The Crossover – Kwame Alexander

Action, Award Nominee, diversity in YA, families, Young Readers

Written in verse, but reads more like a rap at times.  It is very rhythmic, fast, entertaining.  I also decided within three pages (poems) that I was going to buy this for the library. Josh Bell loves basketball and is a great player.  This combines sports and poetry.  I love a combination.

Because the narration is told through poetry, this is a fast read, but it’s also conversation and flows well.  Boys who love sports books, which are most of my 7th graders, would probably give this a chance since it reads conversationally and not as a deep, lyrical poem, one in which they’d need to dissect.  Fonts change, letters alternate between capitalization based on emphasis, and some pages have very few words – all make this very visually pleasing and entertaining.

The story itself is a basic one – teenage boy, great at basketball, the son of an professional basketball player, meeting girls, etc.  There’s basic friendships, family discussions, and the focus on the game.  In between poems that move the plot along are “Basketball Rules” which all offer advice for the game that can be interpreted as advice on life.  They are goals for both becoming a better player and a better person.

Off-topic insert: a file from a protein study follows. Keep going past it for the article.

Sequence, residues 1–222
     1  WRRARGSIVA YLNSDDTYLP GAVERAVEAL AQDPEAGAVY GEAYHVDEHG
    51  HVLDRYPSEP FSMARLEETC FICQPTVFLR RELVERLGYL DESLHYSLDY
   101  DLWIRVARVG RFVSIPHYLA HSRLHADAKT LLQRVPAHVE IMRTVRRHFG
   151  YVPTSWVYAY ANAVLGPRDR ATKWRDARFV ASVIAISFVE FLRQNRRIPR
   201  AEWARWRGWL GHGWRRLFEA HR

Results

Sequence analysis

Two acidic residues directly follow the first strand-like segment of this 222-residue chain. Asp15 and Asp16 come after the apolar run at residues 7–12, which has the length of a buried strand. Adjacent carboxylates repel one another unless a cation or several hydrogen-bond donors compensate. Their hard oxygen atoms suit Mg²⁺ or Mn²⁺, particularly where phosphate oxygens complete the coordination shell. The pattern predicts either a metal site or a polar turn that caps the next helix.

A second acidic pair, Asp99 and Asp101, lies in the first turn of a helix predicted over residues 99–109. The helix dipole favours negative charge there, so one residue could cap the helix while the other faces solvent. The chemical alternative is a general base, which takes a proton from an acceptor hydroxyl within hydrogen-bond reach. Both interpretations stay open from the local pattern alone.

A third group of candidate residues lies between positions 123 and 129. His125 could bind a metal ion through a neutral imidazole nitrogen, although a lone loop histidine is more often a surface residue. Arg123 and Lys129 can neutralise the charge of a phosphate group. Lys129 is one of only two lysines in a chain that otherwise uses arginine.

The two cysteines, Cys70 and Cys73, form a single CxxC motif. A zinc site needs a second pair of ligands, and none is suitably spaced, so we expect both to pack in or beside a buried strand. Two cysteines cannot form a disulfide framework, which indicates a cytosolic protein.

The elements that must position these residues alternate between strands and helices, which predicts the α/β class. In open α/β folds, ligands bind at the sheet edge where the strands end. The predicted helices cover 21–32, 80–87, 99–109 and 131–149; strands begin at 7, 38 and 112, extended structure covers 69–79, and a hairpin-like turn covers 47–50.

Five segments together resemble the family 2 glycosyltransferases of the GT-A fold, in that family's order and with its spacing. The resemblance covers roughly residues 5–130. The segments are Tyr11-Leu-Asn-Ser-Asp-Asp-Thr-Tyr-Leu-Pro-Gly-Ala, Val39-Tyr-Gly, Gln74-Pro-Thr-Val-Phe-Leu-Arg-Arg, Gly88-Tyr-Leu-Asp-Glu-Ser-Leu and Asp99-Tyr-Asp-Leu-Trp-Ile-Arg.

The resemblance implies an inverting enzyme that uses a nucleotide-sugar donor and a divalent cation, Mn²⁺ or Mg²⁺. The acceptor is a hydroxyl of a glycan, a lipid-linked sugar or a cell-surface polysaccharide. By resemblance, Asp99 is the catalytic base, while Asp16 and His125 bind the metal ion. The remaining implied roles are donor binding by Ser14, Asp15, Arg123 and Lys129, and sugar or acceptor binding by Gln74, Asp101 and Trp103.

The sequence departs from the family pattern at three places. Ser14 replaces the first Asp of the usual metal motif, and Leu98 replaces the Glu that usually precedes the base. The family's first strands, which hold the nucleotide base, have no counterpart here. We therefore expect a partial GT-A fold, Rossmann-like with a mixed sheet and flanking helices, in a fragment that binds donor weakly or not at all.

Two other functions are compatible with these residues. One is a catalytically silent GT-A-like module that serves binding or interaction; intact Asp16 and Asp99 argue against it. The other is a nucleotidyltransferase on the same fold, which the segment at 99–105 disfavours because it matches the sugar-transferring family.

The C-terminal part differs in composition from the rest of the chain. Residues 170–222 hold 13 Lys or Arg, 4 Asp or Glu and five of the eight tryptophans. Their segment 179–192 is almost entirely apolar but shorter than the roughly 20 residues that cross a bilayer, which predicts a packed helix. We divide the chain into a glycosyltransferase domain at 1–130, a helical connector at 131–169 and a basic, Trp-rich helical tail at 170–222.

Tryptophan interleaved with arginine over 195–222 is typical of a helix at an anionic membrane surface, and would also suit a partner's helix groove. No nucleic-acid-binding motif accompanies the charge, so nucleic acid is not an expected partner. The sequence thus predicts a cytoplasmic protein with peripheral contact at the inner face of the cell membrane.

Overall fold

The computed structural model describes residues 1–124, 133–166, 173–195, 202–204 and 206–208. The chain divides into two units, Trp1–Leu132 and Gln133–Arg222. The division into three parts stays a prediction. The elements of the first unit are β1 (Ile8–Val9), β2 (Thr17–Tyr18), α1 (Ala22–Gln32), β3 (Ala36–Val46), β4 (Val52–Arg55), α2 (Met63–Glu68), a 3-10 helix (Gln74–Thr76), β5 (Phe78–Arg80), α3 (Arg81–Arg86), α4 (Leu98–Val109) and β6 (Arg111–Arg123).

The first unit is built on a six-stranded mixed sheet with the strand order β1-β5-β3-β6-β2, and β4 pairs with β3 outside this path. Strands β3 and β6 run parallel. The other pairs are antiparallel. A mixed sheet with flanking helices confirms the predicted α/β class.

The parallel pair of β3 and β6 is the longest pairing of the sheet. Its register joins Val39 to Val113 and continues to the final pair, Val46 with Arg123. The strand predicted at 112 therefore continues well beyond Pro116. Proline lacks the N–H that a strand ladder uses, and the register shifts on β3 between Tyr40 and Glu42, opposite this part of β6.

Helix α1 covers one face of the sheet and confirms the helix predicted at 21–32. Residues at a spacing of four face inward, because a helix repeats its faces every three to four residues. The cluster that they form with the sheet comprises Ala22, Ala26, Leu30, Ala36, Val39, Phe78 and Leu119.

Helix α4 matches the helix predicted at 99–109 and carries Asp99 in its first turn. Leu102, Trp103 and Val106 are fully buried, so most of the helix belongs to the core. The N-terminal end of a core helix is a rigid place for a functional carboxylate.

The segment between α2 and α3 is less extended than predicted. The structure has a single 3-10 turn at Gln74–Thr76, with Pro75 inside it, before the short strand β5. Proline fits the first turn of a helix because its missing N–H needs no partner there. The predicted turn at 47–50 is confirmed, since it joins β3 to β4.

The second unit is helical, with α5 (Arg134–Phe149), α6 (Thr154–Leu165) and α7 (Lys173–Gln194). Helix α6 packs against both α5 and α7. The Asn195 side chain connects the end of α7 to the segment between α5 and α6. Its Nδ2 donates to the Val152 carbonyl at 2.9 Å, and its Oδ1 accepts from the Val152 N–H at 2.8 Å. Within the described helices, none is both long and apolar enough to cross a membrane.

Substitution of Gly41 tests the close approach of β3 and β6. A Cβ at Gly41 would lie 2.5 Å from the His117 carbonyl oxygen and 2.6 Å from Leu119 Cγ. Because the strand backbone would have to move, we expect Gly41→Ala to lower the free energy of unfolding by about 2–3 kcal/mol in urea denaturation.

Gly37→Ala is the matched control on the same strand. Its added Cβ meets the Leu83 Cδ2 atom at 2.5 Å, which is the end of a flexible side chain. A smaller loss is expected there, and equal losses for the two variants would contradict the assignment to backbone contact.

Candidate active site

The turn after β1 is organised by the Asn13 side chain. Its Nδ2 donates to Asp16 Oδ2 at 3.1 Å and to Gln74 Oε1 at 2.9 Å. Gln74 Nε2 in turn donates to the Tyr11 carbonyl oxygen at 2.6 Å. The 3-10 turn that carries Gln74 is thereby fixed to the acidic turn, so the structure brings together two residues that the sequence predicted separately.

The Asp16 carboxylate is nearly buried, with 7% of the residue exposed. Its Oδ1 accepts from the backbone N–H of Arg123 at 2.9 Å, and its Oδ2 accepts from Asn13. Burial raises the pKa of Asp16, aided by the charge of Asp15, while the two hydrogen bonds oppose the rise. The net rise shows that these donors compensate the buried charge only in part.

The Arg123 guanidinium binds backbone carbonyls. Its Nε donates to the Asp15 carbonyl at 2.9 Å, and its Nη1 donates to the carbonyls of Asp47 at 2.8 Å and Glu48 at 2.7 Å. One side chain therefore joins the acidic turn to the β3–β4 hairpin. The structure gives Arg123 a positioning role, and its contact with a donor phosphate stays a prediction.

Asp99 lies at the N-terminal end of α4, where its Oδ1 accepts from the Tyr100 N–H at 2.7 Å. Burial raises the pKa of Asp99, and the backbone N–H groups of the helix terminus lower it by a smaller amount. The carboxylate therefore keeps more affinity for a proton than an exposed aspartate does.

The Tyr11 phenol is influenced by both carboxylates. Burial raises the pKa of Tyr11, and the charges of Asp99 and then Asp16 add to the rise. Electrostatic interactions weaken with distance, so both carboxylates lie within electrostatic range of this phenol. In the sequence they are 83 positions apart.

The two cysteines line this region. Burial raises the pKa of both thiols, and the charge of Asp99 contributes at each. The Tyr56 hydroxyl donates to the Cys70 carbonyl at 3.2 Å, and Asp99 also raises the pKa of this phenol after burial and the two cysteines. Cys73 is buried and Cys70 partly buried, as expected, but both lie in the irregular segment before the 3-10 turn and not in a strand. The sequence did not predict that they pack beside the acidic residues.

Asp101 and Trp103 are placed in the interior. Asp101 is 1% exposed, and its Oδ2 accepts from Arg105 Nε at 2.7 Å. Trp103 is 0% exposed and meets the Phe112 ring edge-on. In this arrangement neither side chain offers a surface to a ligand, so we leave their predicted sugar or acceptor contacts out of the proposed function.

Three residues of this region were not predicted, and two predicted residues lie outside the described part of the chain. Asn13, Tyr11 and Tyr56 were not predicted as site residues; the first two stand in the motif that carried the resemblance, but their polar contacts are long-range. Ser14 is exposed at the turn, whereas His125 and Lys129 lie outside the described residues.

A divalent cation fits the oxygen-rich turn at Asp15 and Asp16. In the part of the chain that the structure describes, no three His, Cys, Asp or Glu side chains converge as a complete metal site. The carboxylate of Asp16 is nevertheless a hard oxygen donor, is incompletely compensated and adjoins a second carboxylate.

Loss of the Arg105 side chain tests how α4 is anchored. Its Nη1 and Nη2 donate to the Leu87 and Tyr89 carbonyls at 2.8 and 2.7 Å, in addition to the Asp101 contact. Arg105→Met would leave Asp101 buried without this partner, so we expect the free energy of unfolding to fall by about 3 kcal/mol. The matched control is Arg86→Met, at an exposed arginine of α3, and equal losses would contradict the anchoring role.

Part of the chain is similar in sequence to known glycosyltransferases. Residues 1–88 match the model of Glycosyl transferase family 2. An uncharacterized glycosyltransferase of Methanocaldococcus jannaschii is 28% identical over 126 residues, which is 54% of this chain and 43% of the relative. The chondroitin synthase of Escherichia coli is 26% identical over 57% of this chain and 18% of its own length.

My favorite line from his dad was, “Always shoot for the sun and you will shine” after, as 3 year-olds, they each shot a ball and they made it into the net.

The story continues focused on basketball and girlfriends, but when Josh and Jordan’s dad has a health scare even basketball can’t make it all better.

“Basketball Rule #10”

A lose is inevitable,

like snow in winter.

True champions


to dance


the storm.”

This is a great book for boys, reluctant readers, anyone trying to get kids to like poetry, and with a sad, but honest and hopeful ending.

Newbery Medal (2015, Coretta Scott King Award for Author Honor (2015), Charlotte Huck Honor Book (2015), Dorothy Canfield Fisher Children’s Book Award Nominee (2016)



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